Health care is a major issue for Floridians this election, and it's likely no secret why.
The Sunshine State has one of the oldest populations in the nation. But while older voters tend to skew right, more may be leaning left this cycle. Health care could be the key reason.
Sumter County, Florida, is home to The Villages, where you are sure to find several things. Golf carts, retirees and Republican voters like George and Bobbie Edwards.
"We just have to pray that the right person will win," Bobbie Edwards said.
With one of the highest concentrations of seniors in the nation, the area is considered Trump territory. Health care policy is on almost every voter's mind.
"Health care is something that we should be able to choose our doctors and not have to wait six months in Canada or some of these other countries," said George.
"I don't want Medicare for all," Bobbie Edwards said. "I believe in helping people, but I also believe you have to work and help yourself."
The Edwards' rhetoric is not unlike the president, who is targeting seniors in finals these weeks.
Trump is promising:
- Medicaid work requirements
- Drug imports to cut costs
- Dismantling of Obamacare
"You're going to have socialist health care," Trump told a Sanford, Florida, crowd earlier this month. “You don’t feel well? OK, go to the hospital for four weeks."
This year, however, Sumter County's regular red has a splash of blue ahead of Election Day.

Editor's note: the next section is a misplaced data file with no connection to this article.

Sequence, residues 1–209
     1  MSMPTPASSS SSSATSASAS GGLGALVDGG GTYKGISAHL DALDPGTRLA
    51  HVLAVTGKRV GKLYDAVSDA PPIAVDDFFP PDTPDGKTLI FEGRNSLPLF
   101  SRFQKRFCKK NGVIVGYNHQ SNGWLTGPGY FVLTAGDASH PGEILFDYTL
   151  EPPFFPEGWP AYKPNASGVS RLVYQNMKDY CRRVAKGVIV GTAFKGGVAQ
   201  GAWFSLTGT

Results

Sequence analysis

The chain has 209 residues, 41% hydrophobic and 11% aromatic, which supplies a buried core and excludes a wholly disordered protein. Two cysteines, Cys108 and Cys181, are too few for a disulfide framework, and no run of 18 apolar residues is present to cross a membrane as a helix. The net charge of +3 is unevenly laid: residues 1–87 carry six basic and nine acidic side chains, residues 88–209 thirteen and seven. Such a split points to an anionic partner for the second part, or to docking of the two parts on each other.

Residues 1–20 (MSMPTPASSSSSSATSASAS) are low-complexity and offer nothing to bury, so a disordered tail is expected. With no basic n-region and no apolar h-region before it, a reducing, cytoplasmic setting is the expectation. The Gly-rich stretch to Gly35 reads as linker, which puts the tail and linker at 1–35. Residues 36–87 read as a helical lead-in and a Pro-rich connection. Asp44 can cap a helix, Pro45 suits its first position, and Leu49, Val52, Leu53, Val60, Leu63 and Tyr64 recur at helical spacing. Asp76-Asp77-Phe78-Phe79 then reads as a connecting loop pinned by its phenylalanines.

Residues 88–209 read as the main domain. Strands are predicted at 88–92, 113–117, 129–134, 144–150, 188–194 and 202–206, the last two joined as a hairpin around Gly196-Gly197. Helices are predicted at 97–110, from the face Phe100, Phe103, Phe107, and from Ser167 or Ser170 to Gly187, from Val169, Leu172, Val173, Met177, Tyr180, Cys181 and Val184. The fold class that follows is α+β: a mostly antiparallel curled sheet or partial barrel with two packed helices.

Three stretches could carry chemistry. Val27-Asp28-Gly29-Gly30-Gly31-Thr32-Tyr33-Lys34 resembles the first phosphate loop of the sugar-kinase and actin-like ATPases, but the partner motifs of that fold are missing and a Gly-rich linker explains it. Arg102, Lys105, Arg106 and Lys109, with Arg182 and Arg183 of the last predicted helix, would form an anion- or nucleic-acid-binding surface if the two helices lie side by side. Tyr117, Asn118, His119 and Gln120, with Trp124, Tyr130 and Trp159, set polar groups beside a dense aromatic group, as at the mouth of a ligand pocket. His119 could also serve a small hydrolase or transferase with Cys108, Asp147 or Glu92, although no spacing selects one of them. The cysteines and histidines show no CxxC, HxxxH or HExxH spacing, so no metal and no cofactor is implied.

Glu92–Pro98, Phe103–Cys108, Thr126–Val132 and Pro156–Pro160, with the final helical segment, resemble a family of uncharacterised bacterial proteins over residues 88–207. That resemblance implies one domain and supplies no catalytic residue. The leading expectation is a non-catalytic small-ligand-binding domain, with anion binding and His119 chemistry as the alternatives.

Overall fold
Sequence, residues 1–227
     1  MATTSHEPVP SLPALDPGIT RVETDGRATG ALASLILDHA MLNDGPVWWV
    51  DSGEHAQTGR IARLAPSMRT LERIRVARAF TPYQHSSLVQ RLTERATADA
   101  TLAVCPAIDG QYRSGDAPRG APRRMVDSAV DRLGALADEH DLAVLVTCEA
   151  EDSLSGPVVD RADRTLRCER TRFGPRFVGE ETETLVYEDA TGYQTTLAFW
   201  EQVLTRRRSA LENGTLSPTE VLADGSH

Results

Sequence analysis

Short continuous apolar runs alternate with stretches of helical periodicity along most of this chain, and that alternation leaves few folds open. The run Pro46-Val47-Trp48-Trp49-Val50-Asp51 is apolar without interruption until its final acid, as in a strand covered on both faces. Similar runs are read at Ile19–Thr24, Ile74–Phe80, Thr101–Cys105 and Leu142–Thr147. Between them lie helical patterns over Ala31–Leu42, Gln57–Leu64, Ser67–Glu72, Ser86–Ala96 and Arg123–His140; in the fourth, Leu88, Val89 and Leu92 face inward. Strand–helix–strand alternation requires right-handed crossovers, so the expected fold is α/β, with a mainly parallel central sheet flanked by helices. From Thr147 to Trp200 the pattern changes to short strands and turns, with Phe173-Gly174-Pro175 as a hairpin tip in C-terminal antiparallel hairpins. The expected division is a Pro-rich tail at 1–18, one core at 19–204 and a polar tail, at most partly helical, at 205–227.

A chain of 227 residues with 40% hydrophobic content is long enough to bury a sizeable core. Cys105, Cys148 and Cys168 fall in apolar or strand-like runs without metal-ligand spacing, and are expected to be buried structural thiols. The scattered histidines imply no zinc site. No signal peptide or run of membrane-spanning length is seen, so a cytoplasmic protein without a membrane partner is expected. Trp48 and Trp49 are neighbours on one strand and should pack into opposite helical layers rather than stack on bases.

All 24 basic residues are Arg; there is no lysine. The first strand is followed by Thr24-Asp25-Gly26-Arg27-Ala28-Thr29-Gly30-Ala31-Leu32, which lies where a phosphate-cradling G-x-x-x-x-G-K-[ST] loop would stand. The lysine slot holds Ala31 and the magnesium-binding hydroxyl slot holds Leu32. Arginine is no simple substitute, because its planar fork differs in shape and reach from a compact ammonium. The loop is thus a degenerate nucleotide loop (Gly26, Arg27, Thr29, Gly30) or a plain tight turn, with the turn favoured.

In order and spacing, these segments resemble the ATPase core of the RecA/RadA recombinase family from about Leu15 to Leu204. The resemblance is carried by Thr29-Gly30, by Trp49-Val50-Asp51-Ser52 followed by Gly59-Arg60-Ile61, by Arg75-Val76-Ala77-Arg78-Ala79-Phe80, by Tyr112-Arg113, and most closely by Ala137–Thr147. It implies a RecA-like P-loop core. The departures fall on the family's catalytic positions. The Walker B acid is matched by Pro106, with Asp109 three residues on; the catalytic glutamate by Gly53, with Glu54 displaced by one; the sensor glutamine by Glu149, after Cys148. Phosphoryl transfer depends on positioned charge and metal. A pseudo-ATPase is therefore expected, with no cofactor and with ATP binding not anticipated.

"This is more enthusiasm than I have seen in any election since I have been a volunteer," said Chris Stanley, who heads The Villages Democratic Club.
Stanley said, each day, she is seeing more and more seniors come in her door. Many of them are former supporters of the president ready to dump Trump.
"It tells you that people are finally starting to look at policy and people rather than party," she said.
The flipping could put a dent in Trump's reelection base. Sumter's senior population is reliably red. Democrats know that, and they're not trying to flip the county, just erode enough support to tip the scales.
Bruce Layton is an example.
"I'm a Biden supporter, but I'm only a Biden supporter because it's against Trump," he said.
The life-long Republican said he can't trust the president and won't be voting for him -- especially on health care. Layton worries Trump will slash Medicare and coverage for preexisting conditions, despite stump speeches to the contrary.
"You're talking to a guy who just had his seventh back operation," Layton said. "I'm lucky I have health care and they want to take that away."
In contrast, Biden wants:
- An expansion of Obamacare
- More subsidies to bring in private insurers and lower prices
- Plus, a public option
These are ideas Democrats in Sumter County certainly support, but quantifying total GOP erosion is hard. And local Republicans aren't sweating it.
John Calandro does communications for the local GOP club. While acknowledging some Republican voters are flipping to Biden, he expects the same margins as 2016. Sumter County is growing, Calandro said.
"It takes a lot to erode what you've spent your life developing," Calandro said. "We're up almost 10,000 registered Republican voters. We still outnumber the Democrats 2:1."
We won't likely know the full extent of GOP erosion until Election Night. For now, it depends on who you ask around The Villages and how they feel about health care.
All the while, the question lingers with only a handful of days until Nov. 3, just how blue has this regular Republican zone become?